Chronicle of a Life and a Motorsport Legacy
As part of its 50th anniversary celebrations this month, the McLaren team is publishing a book celebrating its achievements, McLaren: 50 Years of Racing, which includes contains numerous never-before-seen photographs.
Bruce McLaren, a New Zealander, founded the team in 1963 as a vehicle for his own career as a racing driver. But he died in an accident in 1970 at 32, while testing his Can-Am car at the Goodwood track in England. He probably never imagined that his team would still be around today, with more than 1000 employees and having won 20 Formula One world titles, three Indianapolis 500 races, as well as the 24 Hours of Le Mans and Can-Am, which it dominated for years.
From its humble beginnings to the epic duel between Niki Lauda at Ferrari and James Hunt at McLaren in the 1970s to the birth of the series as a major world television sport with the battles between the McLaren teammates Ayrton Senna and Alain Prost in the 1980s, the team has been at the forefront of racing history.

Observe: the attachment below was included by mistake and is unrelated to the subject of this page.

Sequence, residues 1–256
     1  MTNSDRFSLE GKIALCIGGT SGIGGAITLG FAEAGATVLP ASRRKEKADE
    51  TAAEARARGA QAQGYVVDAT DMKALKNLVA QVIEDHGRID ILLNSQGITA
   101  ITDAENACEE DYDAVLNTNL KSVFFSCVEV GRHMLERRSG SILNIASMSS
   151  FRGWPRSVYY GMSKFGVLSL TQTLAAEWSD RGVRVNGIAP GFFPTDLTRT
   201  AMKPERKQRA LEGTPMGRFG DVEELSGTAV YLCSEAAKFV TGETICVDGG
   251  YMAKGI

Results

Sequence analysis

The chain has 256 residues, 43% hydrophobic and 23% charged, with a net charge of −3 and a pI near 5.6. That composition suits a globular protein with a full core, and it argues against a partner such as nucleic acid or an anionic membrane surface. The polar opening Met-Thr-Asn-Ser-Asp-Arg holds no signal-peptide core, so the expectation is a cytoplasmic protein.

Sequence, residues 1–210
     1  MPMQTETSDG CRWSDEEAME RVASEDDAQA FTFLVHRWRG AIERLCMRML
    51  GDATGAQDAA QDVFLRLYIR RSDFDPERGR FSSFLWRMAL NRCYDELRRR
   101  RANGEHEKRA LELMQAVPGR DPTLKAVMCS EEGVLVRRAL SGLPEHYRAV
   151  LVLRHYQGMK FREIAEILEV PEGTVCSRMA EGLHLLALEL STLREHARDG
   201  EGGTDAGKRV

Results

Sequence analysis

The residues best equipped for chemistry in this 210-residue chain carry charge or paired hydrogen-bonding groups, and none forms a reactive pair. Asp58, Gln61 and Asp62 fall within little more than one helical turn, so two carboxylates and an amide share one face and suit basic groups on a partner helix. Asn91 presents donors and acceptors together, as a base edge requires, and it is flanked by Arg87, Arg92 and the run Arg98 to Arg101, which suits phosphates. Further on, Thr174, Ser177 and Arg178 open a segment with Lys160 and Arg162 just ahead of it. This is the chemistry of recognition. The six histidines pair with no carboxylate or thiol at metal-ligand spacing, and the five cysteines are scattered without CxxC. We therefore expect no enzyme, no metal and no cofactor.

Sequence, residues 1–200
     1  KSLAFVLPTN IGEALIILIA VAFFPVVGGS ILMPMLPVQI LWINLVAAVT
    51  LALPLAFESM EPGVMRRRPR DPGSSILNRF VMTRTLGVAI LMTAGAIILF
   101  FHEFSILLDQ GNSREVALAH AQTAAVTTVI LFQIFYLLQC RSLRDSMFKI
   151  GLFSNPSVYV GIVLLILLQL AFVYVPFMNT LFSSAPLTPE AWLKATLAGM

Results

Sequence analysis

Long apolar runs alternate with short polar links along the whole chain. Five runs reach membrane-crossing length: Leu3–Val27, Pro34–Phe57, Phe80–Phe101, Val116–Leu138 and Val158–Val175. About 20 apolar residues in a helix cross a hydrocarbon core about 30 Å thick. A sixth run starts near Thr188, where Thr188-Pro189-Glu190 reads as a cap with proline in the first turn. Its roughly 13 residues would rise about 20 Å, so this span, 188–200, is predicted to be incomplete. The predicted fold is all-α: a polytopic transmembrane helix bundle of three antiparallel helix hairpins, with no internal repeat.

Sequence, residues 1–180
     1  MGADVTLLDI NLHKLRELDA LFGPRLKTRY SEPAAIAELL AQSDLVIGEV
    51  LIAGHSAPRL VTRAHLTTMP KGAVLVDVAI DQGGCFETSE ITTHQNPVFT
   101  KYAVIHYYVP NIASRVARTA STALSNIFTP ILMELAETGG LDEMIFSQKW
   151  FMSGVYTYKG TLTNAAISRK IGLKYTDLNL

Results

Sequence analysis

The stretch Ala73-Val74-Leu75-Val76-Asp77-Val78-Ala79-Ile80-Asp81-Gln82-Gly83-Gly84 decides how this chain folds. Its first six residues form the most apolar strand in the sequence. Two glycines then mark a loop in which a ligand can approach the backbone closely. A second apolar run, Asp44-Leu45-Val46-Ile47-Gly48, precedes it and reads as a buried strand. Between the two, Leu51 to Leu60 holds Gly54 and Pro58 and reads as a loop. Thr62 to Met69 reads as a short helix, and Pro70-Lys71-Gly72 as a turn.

The element of humanity comes through from the beginning of the team, with Bruce McLaren being nearly universally liked by his colleagues.
“There were only six of us at the start,” McLaren stalwart Tyler Alexander said. “Bruce had this ability to get you to do things – but without pushing you along. I think it was Eoin Young (another of the six) who said: ‘You didn’t work for Bruce McLaren. You worked with Bruce McLaren.’”
McLaren: 50 Years of Racing is written by longtime Formula One journalist and author, Maurice Hamilton.